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Preview: Comments on: The Musical Talmud, Think/Counter-Think Edition: “Party in the USA”

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Overthinking It subjects the popular culture to a level of scrutiny it probably doesn't deserve.



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Comment on Episode 490: Urban Surfer Hipster Bro Dragon Ball Z Longhair Fusion Dance by Joseph

Tue, 21 Nov 2017 15:50:03 +0000

This wasn't a particularly good Justice League movie, but considering the scene where King Zora agrees to join the team after Ganondorf invades the Water Temple and steals their piece of the Triforce, this was accidentally a pretty decent Legend of Zelda movie.



Comment on Episode 490: Urban Surfer Hipster Bro Dragon Ball Z Longhair Fusion Dance by Jay

Tue, 21 Nov 2017 06:17:20 +0000

I think Guardians of the Galaxy has a scene where a character ( Star Lord) makes a case for saving the world. Rocket asks "What has the galaxy ever done for you? Why would you wanna save it?" And he replies "Because I'm one of the idiots who lives in it!" Good old self preservation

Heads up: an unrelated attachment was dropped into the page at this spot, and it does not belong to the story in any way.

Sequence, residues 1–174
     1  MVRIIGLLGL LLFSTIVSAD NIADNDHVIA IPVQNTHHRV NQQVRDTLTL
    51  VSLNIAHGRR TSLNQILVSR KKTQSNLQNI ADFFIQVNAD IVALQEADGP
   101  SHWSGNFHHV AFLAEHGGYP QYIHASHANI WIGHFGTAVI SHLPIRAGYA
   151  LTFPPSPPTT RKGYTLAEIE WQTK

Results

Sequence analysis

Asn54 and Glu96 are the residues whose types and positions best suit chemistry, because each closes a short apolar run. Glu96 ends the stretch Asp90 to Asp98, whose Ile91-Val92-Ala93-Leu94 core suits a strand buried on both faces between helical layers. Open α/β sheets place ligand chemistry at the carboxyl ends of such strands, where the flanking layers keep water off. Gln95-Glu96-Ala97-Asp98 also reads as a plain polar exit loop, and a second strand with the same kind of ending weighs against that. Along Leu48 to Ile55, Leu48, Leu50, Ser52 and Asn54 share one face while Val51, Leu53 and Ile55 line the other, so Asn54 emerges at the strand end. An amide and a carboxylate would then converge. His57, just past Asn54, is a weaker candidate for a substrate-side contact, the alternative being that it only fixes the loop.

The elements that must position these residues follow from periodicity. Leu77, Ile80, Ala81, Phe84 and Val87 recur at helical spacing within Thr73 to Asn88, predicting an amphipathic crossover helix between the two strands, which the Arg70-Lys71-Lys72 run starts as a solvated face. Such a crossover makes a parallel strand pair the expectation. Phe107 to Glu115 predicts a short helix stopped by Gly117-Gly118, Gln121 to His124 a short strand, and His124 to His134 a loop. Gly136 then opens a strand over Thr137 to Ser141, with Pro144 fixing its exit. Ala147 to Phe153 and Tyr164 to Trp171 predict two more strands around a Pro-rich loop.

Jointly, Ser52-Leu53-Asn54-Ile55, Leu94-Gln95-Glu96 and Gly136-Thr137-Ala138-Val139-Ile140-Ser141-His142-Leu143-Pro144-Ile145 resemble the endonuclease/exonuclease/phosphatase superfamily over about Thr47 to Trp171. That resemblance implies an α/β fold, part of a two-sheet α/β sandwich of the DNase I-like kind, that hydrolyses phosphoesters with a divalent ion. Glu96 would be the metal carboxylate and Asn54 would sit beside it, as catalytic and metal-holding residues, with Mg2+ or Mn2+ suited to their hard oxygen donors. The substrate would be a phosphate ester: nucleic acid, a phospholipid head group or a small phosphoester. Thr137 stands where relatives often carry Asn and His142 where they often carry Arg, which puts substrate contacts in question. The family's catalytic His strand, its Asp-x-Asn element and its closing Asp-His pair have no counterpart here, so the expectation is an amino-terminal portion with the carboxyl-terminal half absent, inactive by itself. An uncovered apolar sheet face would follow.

Comment on Episode 489: 10/10 Would Burn Again by Peter Fenzel

Mon, 20 Nov 2017 20:35:00 +0000

And, by the way, I'm not saying you _have_ to have an orthodoxy and go about punishing heretics to protect the moral cohesion and authority of your group, or even that it's right. But it does give you the power to punish Louis C.K. Interestingly, as we are seeing, the orthodoxy is much more effective at punishing Democrats than Republicans. You can't ostracize someone who isn't of your own number. You have very limited moral authority over someone who doesn't recognize your legitimacy because they don't feel like part of your group, and who has their own power base to protect themselves from your pressure. I guess people could have set up tribunals, but that would have run into other problems.



Comment on Episode 489: 10/10 Would Burn Again by Peter Fenzel

Mon, 20 Nov 2017 20:11:12 +0000